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broadband policy

A new Toolkit to help develop national broadband strategies

Sergiu Conovalu's picture
The world of information and communication technology has changed dramatically over the past decade, evolving from a simple transmission path for information into an enabling platform for countless personal, social and business uses. To keep up with this rapidly increasing usage and growing demand, today’s networks are steadily shifting from narrowband to broadband. Consumers are using broadband networks to access the Internet at speeds up to or exceeding 100 Mbit/s over wired connections, and they are increasingly using broadband-enabled mobile phones too for a wide range of activities.
 
The digital divide that was once measured in terms of differences in access to communications is now measured in terms of differences in quality of access.

A new resource from the World Bank, the Broadband Strategies Toolkit (http://www.broadbandtoolkit.org), offers advice to policy-makers and other stakeholders on how to develop a national broadband strategy. Based on expert research and collaboration that began in 2011, the final pieces of the toolkit were completed earlier this year.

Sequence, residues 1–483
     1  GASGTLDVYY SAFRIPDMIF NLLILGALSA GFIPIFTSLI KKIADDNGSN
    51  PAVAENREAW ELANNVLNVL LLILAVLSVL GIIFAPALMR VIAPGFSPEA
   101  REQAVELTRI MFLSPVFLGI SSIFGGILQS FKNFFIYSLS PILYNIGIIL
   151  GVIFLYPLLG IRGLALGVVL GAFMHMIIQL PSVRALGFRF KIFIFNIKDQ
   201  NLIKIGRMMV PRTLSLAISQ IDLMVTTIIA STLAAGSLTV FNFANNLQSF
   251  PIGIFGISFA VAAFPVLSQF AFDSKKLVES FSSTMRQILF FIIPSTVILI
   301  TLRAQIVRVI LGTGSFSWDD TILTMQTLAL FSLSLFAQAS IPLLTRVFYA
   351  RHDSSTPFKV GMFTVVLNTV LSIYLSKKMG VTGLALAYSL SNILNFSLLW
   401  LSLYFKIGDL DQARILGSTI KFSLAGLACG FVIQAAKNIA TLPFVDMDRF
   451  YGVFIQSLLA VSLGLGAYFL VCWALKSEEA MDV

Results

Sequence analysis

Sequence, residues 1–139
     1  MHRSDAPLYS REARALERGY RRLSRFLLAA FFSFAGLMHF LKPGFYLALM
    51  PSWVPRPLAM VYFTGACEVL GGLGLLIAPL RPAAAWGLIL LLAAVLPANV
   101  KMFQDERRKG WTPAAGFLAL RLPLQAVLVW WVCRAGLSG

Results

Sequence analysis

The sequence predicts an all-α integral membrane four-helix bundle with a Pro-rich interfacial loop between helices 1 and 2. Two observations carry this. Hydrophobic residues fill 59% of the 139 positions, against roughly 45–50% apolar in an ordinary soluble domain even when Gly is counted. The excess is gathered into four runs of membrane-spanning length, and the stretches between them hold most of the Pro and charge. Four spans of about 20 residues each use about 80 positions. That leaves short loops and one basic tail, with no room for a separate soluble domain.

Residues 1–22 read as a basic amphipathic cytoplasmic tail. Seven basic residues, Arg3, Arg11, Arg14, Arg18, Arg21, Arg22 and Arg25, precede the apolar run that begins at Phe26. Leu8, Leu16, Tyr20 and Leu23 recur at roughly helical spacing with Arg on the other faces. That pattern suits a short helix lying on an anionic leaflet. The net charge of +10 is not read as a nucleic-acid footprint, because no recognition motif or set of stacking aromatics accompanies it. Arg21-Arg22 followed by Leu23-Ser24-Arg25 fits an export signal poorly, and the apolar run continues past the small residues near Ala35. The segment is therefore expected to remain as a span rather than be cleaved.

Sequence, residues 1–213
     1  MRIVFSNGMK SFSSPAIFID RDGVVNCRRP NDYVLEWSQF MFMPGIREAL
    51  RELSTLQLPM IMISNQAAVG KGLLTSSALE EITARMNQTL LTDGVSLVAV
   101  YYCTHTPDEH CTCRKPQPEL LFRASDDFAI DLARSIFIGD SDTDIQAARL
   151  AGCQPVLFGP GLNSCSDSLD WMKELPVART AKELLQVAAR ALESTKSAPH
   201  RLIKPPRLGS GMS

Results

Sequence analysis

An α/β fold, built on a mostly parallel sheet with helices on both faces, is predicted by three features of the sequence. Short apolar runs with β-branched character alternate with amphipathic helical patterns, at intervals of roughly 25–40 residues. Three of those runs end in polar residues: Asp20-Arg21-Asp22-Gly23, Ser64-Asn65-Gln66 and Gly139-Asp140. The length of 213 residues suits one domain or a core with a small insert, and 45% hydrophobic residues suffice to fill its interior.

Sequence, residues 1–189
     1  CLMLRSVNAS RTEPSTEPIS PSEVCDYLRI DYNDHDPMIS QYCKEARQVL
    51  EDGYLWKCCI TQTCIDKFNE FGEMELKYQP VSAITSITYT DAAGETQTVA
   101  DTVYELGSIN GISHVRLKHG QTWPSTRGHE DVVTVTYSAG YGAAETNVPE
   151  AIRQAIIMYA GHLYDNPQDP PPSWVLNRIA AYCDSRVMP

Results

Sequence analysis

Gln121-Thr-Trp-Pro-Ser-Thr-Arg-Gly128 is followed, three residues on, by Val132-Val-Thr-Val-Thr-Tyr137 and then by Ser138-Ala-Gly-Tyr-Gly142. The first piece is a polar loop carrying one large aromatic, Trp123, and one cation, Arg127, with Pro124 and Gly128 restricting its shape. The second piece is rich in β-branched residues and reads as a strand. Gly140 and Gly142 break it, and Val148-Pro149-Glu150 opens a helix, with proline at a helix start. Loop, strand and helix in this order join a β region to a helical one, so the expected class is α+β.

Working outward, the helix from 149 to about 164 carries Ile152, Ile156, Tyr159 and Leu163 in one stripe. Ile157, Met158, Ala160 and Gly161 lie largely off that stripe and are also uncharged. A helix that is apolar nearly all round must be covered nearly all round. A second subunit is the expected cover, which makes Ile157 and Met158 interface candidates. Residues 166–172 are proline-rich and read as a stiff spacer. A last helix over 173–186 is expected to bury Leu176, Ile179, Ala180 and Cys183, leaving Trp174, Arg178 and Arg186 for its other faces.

Broadband Internet coming to Africa

Michel Rogy's picture

The digital divide for voice services is closing at a rapid pace in Africa due to the spread of the basic mobile phone. With 500 million mobile phones on the African continent, more than in the US or European Union, Africa is the fastest growing region in the world.

Why broadband does not always have an impact on economic growth?

Victor Mulas's picture

A growing number of studies have linked broadband diffusion to economic growth. The World Bank’s and infoDev’s Broadband Strategies Handbook includes a reference of some of these studies, which show a positive correlation between broadband diffusion and economic (GDP) growth. On the micro level, numerous anecdotic evidence suggest that broadband has an economic impact at the f